All three species of catfish are caught along the main channel, but the creek and secondary channels are also very good. Many of the embayments are excellent for channel catfish late in the evenings and at night, especially around submerged wood. Near bridge pilings and rip rap areas are other great spots to target.
Data provided by Clark shows that over 56 percent of the catfish caught by anglers are blue cats followed by channel catfish at 44 percent. Both populations are rated excellent with abundant numbers, ranging from young of the year to trophy size. Flathead catfish are also present in good numbers and size distribution, but they make up less than one percent of the total catfish caught.
Anglers looking for a true trophy may want to consider the Mississippi River. There are catfish of all sizes in the river, but it is hard to beat the big river for big cats. It has all the ingredients to produce enormous catfish and there are plenty of quality fish in the river.
Mississippi River Monsters hosted catfish tournaments on the river the past two years. The tournaments were based out of Bass Pro Shop in Memphis and attracted over 100 boats from all over the United States according to Clark.
"In 2017, the tournament produced over 5,200 pounds of catfish with the big fish of the tournament exceeding 75 pounds," said Clark. "All three species were seen during the weigh-in, but blue catfish and flathead catfish made up the majority of the fish weighed in."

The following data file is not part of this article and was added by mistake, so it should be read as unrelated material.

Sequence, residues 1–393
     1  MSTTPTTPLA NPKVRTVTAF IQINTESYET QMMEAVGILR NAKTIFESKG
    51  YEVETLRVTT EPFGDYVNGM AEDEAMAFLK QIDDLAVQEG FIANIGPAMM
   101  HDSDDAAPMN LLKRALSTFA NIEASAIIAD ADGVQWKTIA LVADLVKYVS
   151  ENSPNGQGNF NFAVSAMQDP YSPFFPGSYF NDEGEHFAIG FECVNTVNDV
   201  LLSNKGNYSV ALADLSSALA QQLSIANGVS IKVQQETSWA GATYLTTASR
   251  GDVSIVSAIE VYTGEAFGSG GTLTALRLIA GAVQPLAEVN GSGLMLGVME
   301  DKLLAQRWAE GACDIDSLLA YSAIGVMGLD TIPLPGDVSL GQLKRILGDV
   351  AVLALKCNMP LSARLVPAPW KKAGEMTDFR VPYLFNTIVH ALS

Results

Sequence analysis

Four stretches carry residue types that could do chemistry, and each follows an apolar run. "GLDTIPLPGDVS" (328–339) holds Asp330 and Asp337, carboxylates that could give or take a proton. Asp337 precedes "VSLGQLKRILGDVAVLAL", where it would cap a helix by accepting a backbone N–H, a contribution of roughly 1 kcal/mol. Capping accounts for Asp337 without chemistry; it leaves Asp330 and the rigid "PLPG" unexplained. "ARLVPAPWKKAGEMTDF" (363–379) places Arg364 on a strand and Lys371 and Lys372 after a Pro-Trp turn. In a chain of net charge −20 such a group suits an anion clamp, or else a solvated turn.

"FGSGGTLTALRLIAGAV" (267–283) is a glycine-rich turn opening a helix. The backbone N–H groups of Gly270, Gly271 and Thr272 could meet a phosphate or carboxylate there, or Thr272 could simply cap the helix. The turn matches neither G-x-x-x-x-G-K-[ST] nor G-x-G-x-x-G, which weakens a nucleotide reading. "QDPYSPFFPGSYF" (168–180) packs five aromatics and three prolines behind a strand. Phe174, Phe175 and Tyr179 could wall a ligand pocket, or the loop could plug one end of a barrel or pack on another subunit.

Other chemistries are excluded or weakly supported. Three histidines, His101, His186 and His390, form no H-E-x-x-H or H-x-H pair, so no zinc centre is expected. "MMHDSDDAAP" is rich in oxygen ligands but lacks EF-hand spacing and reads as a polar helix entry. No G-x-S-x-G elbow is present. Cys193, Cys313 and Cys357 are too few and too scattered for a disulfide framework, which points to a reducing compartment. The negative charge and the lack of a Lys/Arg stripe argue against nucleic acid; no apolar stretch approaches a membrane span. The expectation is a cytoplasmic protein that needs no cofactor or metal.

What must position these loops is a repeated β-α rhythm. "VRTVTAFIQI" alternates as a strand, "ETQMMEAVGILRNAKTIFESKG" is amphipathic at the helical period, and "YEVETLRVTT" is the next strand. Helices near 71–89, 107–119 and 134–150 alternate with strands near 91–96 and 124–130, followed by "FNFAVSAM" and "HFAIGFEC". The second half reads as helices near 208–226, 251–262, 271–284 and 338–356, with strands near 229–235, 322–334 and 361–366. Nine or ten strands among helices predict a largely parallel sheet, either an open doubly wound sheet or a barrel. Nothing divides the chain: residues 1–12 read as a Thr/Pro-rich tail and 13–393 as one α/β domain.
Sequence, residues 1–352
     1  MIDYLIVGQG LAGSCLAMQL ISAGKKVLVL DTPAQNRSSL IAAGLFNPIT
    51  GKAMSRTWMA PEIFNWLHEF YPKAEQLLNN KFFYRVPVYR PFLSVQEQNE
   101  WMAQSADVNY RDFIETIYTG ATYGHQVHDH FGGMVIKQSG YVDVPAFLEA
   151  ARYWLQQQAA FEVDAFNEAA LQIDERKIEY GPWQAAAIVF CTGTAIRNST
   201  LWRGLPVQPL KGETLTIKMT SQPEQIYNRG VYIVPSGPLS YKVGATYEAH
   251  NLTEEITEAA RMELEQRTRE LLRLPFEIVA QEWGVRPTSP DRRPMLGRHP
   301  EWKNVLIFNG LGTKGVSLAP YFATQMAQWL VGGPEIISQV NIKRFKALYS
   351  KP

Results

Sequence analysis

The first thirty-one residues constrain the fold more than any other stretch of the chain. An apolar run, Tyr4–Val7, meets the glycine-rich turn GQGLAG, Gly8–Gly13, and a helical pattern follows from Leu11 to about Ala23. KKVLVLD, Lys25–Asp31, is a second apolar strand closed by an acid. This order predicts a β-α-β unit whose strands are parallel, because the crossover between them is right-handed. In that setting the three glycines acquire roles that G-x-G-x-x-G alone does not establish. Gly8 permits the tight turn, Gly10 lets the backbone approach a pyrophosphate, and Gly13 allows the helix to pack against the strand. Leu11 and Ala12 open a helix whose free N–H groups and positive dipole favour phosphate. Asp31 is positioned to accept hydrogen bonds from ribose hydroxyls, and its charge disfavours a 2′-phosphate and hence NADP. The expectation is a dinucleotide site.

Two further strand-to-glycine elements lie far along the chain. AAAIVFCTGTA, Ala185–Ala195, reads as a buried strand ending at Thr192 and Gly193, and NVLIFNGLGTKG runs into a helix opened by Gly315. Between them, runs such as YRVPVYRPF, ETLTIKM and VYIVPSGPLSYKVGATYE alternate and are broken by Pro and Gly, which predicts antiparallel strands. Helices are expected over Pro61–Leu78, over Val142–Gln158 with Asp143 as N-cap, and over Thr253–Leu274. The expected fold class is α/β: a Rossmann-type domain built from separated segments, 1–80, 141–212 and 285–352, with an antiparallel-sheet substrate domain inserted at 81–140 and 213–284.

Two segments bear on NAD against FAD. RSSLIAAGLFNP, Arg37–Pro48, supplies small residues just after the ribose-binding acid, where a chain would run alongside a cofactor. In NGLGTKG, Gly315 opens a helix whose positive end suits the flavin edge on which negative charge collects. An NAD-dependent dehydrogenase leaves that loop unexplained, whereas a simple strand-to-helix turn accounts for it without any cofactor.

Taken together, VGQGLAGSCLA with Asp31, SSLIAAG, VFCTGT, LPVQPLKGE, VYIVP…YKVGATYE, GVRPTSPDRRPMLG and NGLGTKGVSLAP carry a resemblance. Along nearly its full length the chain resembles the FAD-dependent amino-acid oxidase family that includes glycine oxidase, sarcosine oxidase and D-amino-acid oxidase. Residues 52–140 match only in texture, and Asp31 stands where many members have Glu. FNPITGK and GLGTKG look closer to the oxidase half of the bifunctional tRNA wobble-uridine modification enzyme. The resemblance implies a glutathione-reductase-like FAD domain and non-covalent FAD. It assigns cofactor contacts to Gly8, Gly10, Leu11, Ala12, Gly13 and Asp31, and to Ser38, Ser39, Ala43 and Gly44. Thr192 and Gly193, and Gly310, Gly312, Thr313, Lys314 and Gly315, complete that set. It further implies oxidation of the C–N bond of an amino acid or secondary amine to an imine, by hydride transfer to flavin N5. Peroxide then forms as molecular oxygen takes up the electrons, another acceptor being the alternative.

The river produces good catches all year long, but after spring, when the water level stabilizes, is one of the better periods for consistent results. One of the most popular and effective methods during this time is to put out baits and drift, using a trolling motor to control speed. Cutbait from skipjack herring is a fantastic choice for targeting big blue cats, but it also works well on channel cats. Use this method along the channel and near sandbars and the many revetment banks. There are plenty of cavities along these banks, which make great locations for the cats to wait to ambush passing prey.
Anglers looking to put numbers of fish in the boat may want to switch to lighter tackle and anchor in one of these spots or shallow water in an area with some cover, rip rap or a log jam. Cast cutbait, nightcrawlers, chicken liver or other bait to pick up plenty of catfish up to 10 pounds.
OLD HICKORY LAKE